The SARS-Coronavirus I in 2002/2003
caused a limited epidemic,
within incubation period a little bit longer,
4 to 6 days, almost a third of patients,
had complete resolution of their symptoms,
while 70% went on to develop severe infection.
Of those 10% experienced a fatality.
Here the symptoms started mild,
so again, lower grade fever
over 100 degrees Fahrenheit or
37.7 degrees Celsius,
but then went on to develop
significant muscle pain and myalgias,
lethargy a dry non-productive cough,
along with sore throat and significant malaise.
Those individuals who
proceeded to severe infection,
then also develop shortness
of breath a remarkably,
not unique but important
indicator of disease progression,
followed by either a primary viral
or a secondary bacterial pneumonia.
These patients presented to
hospital and rapidly developed,
diffuse evidence of almost an ARDS,
an “Acute respiratory distress
syndrome,” picture on their chest x-rays.
In 2012, cases began to emerge of
Middle Eastern respiratory syndrome coronaviruses
or MERS-Coronavirus, with an incubation
period of two to fourteen days,
very similar to what we're experiencing
currently with the SARS-Coronavirus II.
In the patients with MERS-Coronavirus,
about a third died from their illness,
however, most had an asymptomatic
or mildly symptomatic disease,
again, very similar to what we're
currently experiencing with COVID-19.
Those who had mild or even moderate symptoms,
again, had low grade fevers,
with a dry non-productive cough,
which occasionally progressed to
a wet but non-productive cough,
accompanied by shortness of breath
and gastrointestinal symptoms,
including nausea, emesis and mild diarrhea.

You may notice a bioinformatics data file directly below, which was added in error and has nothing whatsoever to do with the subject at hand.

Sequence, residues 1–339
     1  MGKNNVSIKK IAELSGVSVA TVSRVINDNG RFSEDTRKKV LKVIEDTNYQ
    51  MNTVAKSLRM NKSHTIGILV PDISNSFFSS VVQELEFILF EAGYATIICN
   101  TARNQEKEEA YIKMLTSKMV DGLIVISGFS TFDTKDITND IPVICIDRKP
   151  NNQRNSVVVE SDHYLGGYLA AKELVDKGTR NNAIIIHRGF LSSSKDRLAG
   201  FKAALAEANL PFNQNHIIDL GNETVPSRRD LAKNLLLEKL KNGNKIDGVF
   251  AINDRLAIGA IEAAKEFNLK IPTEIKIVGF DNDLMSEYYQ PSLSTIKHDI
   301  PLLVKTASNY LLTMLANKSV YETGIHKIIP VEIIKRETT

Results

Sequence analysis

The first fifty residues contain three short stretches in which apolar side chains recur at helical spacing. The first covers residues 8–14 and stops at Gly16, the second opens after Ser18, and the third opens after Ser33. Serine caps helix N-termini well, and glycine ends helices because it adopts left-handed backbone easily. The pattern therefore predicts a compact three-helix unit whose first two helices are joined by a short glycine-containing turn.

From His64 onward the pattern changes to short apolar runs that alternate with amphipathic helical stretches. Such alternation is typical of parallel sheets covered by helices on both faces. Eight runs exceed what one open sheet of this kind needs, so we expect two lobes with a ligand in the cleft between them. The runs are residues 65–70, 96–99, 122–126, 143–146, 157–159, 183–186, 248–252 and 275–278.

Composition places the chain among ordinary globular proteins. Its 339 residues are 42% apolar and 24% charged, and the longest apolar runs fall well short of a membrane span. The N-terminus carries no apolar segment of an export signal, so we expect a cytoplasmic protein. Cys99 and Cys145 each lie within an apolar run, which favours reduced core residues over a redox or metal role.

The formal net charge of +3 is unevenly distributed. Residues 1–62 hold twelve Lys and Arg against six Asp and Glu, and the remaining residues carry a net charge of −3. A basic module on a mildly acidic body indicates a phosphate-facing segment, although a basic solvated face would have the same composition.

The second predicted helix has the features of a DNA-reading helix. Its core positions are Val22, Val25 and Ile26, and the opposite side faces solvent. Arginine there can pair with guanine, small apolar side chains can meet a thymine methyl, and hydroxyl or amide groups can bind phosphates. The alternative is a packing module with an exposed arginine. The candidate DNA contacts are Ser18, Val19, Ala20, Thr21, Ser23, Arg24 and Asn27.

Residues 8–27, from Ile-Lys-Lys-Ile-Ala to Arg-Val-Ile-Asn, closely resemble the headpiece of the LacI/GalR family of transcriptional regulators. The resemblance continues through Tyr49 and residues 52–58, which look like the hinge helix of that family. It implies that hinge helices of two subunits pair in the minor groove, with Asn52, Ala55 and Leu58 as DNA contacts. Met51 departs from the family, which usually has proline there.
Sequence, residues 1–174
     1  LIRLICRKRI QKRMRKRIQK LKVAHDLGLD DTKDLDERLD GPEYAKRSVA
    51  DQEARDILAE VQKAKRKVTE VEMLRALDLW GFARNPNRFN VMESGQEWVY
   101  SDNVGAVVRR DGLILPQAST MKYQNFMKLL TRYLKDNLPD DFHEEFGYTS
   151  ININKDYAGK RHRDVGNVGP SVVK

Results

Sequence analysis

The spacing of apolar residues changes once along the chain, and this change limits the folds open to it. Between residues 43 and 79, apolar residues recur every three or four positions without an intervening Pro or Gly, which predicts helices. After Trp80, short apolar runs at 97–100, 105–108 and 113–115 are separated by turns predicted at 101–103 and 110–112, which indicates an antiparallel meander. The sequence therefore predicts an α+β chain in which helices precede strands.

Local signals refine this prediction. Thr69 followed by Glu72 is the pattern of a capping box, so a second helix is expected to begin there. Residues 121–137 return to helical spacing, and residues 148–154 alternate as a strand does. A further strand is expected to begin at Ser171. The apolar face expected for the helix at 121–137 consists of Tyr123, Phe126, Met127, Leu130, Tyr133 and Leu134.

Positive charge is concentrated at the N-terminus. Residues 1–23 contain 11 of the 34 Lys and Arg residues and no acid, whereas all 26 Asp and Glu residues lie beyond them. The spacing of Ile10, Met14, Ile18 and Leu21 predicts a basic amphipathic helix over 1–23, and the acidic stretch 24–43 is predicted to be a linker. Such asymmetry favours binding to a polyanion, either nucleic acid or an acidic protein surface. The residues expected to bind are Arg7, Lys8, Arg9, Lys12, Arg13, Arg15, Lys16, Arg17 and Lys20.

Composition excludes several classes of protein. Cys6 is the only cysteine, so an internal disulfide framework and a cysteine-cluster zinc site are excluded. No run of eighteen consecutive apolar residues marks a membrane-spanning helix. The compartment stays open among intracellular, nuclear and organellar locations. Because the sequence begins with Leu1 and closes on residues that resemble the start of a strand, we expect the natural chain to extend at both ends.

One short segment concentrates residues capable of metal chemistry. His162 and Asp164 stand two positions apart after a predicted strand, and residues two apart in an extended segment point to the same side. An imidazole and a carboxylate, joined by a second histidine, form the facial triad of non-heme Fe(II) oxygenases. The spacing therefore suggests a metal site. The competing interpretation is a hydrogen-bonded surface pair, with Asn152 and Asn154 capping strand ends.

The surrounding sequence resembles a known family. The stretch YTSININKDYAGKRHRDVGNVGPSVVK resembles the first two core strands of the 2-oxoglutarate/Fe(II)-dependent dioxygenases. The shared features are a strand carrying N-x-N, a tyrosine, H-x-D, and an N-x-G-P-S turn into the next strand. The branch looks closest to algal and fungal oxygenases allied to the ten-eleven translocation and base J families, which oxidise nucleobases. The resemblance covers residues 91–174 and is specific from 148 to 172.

Those patients with severe disease
just as with the SARS-Coronavirus I,
went on to develop respiratory
distress, shortness of breath
and evidence of focal and bilateral pneumonia.
Turning to the SARS-Coronavirus II,
the cause of the current pandemic
that we're experiencing and which started in 2019,
this incubation period again 2 to 14 days,
on average 4 to 5 days.
The World Health Organization,
declared a COVID-19 pandemic,
on March 11 of the year 2020
and we currently have evidence
of that pandemic ongoing.
80% of patients with infection
by SARS-Coronavirus II,
have complete resolution and
in fact many are asymptomatic,
15% develop severe infection
5% develop critical infection,
typically requiring respiratory support of some,
either non-mechanical or non-invasive ventilation
or invasive ventilation.
1.2% is the
mortality rate, although this does vary.
typically depending on the age demographic,
those countries with older populations,
have a higher rate or higher
risk of higher case fatalities.
Clinical manifestations, as noted,
many of these patients with
SARS-Coronavirus II infection or COVID-19,
are asymptomatic or mildly symptomatic.
Mild symptoms are just as with the common cold,
low-grade fever, dry cough,
malaise, some dehydration,
however, those who want to develop severe disease,
will typically have elevated high fever,
accompanied by shortness of breath,
chest pain and hemoptysis.
It is this specific
coronavirus, which, is escalated
and elevated, I should say, the coronavirus,
the lowly humble coronavirus,
normally thought to be the
cause of the common cold
to international significance
due to its ability to cause,
pandemics as well as localized outbreaks.